"Come on. One puff!"

“SuperFly,” a modern-day remake of the 1972 blaxploitation classic — about a successful cocaine dealer of color who wants to get out of the business — is a straight crime drama, made by a music video director but not shot like a music video. It’s not kitschy, with no winking cameos by original cast members (though Curtis Mayfield’s “Pusherman” does make an appearance on the soundtrack). It acknowledges the appeal of the sex, drugs, and hip-hop lifestyle but only glorifies the sex part. The drug gang whose members wear all-white outfits and party extravagantly at clubs like stereotypical gangsta rappers are depicted as careless buffoons, while the conscientious hero — whose straightened hair is magnificently coiffed like a white dude’s — acts with dignity and is never seen snorting his own product.

All of this is quite different from the original film, where our man got the nickname “Priest” because he wore a cross around his neck that doubled as a coke spoon, which he used constantly. The new Priest (Trevor Jackson) is so called because of his moral code. He and his employees eschew violence and don’t live flamboyantly. He thinks of himself as a job creator for hundreds of drug dealers, just living the American dream. He’s stayed off police radar by being cautious and avoiding beefs with Snow Patrol, the flashy operation that shares his territory (Atlanta now, moved from Harlem). When a bystander is shot by a Snow Patrolman outside a club, Priest gives her a stack of cash and tells her which hospital has the best trauma center. Earlier, he scolded one of his distributors for not being at home with his pregnant wife or even with his pregnant “side piece.”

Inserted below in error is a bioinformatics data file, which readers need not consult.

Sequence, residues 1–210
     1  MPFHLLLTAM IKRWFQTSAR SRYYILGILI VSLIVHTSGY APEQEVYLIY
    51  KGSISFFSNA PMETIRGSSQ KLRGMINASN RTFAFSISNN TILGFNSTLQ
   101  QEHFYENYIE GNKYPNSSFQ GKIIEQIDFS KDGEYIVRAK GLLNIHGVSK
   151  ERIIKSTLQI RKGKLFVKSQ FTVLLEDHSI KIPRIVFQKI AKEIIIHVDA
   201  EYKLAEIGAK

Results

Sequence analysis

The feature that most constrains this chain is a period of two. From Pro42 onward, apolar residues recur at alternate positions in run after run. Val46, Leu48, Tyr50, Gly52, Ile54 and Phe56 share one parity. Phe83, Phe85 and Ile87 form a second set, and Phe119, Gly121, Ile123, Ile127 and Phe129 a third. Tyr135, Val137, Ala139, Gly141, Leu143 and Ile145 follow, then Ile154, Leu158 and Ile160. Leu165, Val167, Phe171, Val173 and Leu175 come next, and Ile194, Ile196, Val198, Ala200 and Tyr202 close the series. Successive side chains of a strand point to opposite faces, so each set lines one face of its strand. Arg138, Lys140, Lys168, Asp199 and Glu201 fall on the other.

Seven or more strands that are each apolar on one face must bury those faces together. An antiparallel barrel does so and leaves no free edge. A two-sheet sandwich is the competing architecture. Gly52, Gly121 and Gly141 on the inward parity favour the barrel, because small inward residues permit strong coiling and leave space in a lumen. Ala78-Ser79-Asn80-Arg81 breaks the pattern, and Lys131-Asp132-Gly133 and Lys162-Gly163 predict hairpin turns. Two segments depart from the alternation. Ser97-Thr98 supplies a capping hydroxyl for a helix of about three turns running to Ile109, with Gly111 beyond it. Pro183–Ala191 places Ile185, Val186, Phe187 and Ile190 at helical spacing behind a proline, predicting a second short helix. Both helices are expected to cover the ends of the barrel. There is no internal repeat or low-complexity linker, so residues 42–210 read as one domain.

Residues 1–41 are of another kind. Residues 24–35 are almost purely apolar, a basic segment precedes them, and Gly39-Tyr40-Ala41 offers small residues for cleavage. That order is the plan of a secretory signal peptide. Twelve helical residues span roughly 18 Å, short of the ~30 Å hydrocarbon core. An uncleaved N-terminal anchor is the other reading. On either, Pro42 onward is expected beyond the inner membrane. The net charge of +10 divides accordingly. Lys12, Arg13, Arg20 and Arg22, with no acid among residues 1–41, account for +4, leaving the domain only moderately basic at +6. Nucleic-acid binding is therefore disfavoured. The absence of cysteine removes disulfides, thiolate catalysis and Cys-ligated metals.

But the cocaine industry is starting to get to Priest, and he wants out before he’s killed or forced to kill someone else. He asks his supplier, Scatter (Michael Kenneth Williams), for one last extra-large score, which he’ll sell off and use the money to retire. When Scatter refuses, Priest goes to his supplier, Adalberto Gonzalez (Esai Morales), the less-favored son in a Mexican cartel family. Scatter will be mad when he finds out. Meanwhile, Priest’s partner, Eddie (Jason Mitchell), and employee Fat Freddy (Jacob Ming-Trent) have screwed things up with Snow Patrol, drawing the attention of police and threatening to destroy Priest’s business before he can close up shop himself.

Trevor Jackson (from TV’s “Black-ish,” “Eureka,” and “American Crime”) gives a charismatic performance as the introspective Priest, fascinating to watch as a levelheaded businessman in an industry of hotheads. He blurs the lines between “good guys” and “bad guys,” which Canadian filmmaker Director X (né Julien Lutz) is clearly interested in examining. Alex Tse’s screenplay is sometimes too serious, with Priest narrating ponderous platitudes (“All the power in the world can’t stop a bullet, and no car can outrun fate”), and there’s fat to be trimmed from the corners, like Priest’s relationship with two women, which is good for a gratuitous sex scene but never goes anywhere otherwise. But it’s all a vast improvement on the original film’s campy, amateurish roots, and it could make Trevor Jackson a star.

(Note: The 1972 film was “Super Fly,” two words. The remake is one word, stylized as “SuperFly” in press materials, I guess so people don’t think “Superfly” like “Superman.” But onscreen it’s “SUPERFLY,” splitting the difference. I know this only matters to me.)

Crooked Marquee

B- (1 hr., 56 min.; R, a lot of harsh profanity, strip-club nudity, a steamy sex scene, some violence.)